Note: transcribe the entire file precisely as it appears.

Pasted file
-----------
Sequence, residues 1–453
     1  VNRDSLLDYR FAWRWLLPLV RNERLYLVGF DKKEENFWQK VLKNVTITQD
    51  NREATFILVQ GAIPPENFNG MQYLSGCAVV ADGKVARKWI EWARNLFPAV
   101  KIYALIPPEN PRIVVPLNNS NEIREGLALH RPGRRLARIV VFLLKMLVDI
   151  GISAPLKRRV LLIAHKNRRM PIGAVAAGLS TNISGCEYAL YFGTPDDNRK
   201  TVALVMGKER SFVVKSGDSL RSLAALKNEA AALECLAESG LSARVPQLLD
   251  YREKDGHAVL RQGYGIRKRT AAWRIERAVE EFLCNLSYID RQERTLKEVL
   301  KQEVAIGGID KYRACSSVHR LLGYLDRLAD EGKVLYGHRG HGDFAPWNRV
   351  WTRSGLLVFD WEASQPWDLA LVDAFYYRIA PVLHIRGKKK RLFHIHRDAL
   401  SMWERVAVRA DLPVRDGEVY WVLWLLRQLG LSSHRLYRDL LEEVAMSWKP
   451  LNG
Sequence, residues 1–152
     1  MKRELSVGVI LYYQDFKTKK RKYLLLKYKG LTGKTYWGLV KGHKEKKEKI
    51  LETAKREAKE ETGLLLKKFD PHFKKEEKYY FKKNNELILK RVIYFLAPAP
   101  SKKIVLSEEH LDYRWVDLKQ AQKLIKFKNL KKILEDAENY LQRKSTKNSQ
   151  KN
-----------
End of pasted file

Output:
Sequence, residues 1–453
     1  VNRDSLLDYR FAWRWLLPLV RNERLYLVGF DKKEENFWQK VLKNVTITQD
    51  NREATFILVQ GAIPPENFNG MQYLSGCAVV ADGKVARKWI EWARNLFPAV
   101  KIYALIPPEN PRIVVPLNNS NEIREGLALH RPGRRLARIV VFLLKMLVDI
   151  GISAPLKRRV LLIAHKNRRM PIGAVAAGLS TNISGCEYAL YFGTPDDNRK
   201  TVALVMGKER SFVVKSGDSL RSLAALKNEA AALECLAESG LSARVPQLLD
   251  YREKDGHAVL RQGYGIRKRT AAWRIERAVE EFLCNLSYID RQERTLKEVL
   301  KQEVAIGGID KYRACSSVHR LLGYLDRLAD EGKVLYGHRG HGDFAPWNRV
   351  WTRSGLLVFD WEASQPWDLA LVDAFYYRIA PVLHIRGKKK RLFHIHRDAL
   401  SMWERVAVRA DLPVRDGEVY WVLWLLRQLG LSSHRLYRDL LEEVAMSWKP
   451  LNG
Sequence, residues 1–152
     1  MKRELSVGVI LYYQDFKTKK RKYLLLKYKG LTGKTYWGLV KGHKEKKEKI
    51  LETAKREAKE ETGLLLKKFD PHFKKEEKYY FKKNNELILK RVIYFLAPAP
   101  SKKIVLSEEH LDYRWVDLKQ AQKLIKFKNL KKILEDAENY LQRKSTKNSQ
   151  KN